[SoundStage!]Fringe with Greg Smith
Back Issue Article
January 1998

Introduction to Fringe

Here on Fringe, we don't just play around in our controlled listening rooms at home. High-end audio can easily become something that invades your entire life, and I'd say this is perfectly reasonable and desirable if you're a real music fan. Portable systems of all types are going to be one recurring topic here in Fringe, a column I'm going to devote every month to all manner of non-traditional audio activities and products. You want reviews of preamps and interconnect cables? Those are available all over. If you want to build preamps and interconnect cables, I'll be giving suggestions. Essentially, I'll be trying to shine some light into the dark corners of audio reproduction, looking at things that all the traditional review coverage you'll read ignores. Our mantra is Specialized Solutions for Specialized Problems.

Panasonic SL-S320 Portable CD Player

To start the ball rolling, I wanted to look at a product that will pop up repeatedly over the next few months. If you want to get music on the go, you'll need a source that travels with you. I'd been meaning to get a new portable to replace my aged Sony Discman, and I'm quite convinced that particular brand name is worthless at this point (while having lots of features and good sound quality, the current models I see are hugely overpriced and I hear numerous reliability complaints). When I finally needed to plop down some cash, I called up the portable music gurus at HeadRoom. They periodically test a bunch of portables to find ones that don't sound like a dog scratching at your door. Poor sound quality is rampant for cheap CD players, because the fact that most people just don't give a damn means there's little accountability for nasty sonics. You never know what will screw you over; could be a crummy clock, could be a cheap DAC, or it might be the ever popular pathetic headphone jack.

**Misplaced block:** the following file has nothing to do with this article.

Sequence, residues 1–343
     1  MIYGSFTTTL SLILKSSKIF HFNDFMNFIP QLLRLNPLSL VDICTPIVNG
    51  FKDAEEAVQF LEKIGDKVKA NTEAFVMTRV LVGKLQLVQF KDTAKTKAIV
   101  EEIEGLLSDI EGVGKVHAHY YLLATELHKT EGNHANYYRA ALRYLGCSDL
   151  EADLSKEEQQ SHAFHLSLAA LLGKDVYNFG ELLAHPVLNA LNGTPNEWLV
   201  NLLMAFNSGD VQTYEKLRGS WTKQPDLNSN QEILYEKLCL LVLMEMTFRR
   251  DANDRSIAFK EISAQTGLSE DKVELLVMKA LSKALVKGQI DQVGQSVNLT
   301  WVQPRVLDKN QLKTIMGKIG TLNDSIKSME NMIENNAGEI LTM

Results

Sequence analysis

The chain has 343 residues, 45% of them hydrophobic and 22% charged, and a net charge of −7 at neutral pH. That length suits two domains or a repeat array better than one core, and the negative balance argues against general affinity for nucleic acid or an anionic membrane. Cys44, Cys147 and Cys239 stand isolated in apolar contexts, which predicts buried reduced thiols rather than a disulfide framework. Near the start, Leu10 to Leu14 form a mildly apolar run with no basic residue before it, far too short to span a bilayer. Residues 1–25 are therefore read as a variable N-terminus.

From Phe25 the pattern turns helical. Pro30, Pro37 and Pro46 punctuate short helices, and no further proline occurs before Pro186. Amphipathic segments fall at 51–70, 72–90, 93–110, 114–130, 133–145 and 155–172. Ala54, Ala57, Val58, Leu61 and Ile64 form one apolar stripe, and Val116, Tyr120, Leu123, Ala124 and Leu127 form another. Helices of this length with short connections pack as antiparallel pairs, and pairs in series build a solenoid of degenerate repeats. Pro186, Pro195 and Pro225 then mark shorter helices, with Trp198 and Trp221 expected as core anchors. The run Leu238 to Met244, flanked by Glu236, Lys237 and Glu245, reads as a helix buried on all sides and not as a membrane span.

HeadRoom's current pick for the best available portable CD player they know of is available on the page devoted to their Quantum Headphone System. At the moment, that's the Panasonic SL-S320. I bought one from them, as they sell them for $119. Also available from HeadRoom is a battery pack from hell that holds four D batteries, for another $30. If you're just looking to buy the portable, don't feel guilty taking their recommendation and getting it somewhere else; they freely admit to not being able to give a rock-bottom price on this unit, as it's not something they sell a lot of. It's more of a convenience item for those who want full-service shopping. The SL-S320 is routinely available for under $100 at both local and mail-order electronics stores (note that it's not as widely available as Panasonic's less expensive portables). Having looked, listened, and talked with others on this topic, I agree with Tyll and company: this is the unit to beat among inexpensive portables, and is worth a look even if you were planning on spending more.